In 1992 I was living in a suburb of Washington, D.C. and had been employed as a paralegal for a Washington law firm for 16 years. I was in my 30s, had an active social life, many friends and for the most part a "great life". In March of that year my life would change and the nightmare began.
I developed what I initially thought to be a routine urinary tract infection. My doctor put me on antibiotics and, after taking them for three weeks with no relief, I knew that something else was wrong. Over the next nine months I saw six different urologists. I was urinating up to 30 times a day, and the pelvic pressure was so horrific I had difficulty walking. I was told that I was "stressed out", just "wanted drugs" and that I was "crazy". One doctor actually told me that I was "in denial that my biological clock was ticking." I had to take a temporary leave of absence from my job and find out what was wrong with me. I did not sleep because of the chronic pain. My family, who gave me support in the beginning, eventually began to believe the doctors. I went from a healthy, hard-working young woman to a walking zombie.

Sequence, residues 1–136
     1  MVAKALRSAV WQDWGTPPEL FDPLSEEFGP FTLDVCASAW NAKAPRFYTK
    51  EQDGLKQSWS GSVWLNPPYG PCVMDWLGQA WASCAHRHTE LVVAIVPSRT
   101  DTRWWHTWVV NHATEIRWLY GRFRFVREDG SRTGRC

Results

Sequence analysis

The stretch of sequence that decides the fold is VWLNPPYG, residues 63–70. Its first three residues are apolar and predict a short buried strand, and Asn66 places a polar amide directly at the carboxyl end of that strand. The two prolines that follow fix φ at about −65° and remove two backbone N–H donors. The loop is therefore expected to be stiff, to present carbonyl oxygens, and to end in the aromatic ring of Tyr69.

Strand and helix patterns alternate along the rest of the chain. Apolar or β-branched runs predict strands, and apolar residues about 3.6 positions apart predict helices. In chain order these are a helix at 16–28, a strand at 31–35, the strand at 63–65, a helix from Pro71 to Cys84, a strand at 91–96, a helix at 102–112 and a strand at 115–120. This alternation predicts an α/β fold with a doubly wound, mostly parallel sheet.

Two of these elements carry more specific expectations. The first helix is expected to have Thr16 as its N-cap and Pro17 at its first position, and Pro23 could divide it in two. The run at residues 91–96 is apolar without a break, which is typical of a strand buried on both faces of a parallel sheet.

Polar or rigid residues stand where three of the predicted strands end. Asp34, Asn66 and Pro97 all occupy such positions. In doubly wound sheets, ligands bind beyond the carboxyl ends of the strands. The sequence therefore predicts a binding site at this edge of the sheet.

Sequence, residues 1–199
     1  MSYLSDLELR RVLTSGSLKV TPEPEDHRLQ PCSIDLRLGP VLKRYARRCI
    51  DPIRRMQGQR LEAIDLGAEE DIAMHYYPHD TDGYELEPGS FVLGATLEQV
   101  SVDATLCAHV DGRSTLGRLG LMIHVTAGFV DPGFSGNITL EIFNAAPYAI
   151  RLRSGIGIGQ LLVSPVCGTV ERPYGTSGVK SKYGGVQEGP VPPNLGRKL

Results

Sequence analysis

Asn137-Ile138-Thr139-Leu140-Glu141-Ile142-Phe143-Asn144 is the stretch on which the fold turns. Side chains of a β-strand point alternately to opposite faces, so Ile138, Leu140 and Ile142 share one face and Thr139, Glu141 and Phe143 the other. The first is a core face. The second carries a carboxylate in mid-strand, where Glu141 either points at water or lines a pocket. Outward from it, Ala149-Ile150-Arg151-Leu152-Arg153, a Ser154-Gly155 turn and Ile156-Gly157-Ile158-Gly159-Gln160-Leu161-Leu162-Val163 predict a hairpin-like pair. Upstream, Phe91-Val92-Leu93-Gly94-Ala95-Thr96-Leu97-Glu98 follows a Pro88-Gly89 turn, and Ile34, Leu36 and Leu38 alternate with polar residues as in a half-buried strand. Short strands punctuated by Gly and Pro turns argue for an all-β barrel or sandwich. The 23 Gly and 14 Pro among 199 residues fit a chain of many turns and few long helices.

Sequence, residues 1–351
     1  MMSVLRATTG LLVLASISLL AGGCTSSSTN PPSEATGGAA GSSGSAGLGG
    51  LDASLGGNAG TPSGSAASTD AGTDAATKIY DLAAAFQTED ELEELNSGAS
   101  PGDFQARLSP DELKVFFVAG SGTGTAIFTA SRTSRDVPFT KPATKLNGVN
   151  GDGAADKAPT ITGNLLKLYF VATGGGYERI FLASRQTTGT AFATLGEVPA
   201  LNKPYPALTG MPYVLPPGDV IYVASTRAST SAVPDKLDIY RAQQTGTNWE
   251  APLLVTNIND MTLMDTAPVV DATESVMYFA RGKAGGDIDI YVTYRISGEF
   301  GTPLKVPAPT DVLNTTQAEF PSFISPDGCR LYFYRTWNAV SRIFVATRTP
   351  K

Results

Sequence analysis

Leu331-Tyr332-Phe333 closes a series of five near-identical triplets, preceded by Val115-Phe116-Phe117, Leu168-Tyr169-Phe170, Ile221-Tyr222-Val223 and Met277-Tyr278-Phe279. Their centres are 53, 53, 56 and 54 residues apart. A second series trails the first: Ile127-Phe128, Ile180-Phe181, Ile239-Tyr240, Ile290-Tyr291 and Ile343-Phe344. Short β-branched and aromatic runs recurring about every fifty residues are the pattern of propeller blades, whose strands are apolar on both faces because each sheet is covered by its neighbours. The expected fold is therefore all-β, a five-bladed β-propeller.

Things only got worse. My family encouraged me to seek psychiatric help. When I refused, my brother-in-law, who was a police officer, and the "quack" doctor I was seeing at the time deemed my problem to be stress related, petitioned for a court order and forced me into a psychiatric facility. The first thing they did was to shackle me down and admit that I had a mental problem. When I refused to do so, they told me that I had a bladder infection and put me on antibiotics. I pleaded with them to let me leave the hospital so that I could find a specialist but to no avail. My normal weight of 105 lbs. had dropped as a result of the stress I had been under and, because I had to go to the bathroom constantly, they accused me of being bulimic and locked the door to my bathroom. I could only go a few times a day when a supervisor was present. The lowest point came when a case manager at the facility told my family that they should practice "tough love" with me--a popular term usually reserved for those suffering from addictions, moral dilemmas or criminal behavior. I was not engaging in any of these practices, and I was furious; however, I knew that, if I did not play by their rules, I could end up at the facility for months. I was released after 30 days, but I realized that, unless I could prove what was wrong with me and clear my name, I would have a "stigma" attached to me for the rest of my life. It became a vicious cycle--my family blamed the doctors for their inability to diagnose me and the doctors blamed my family who knew me well for not believing that I was sick.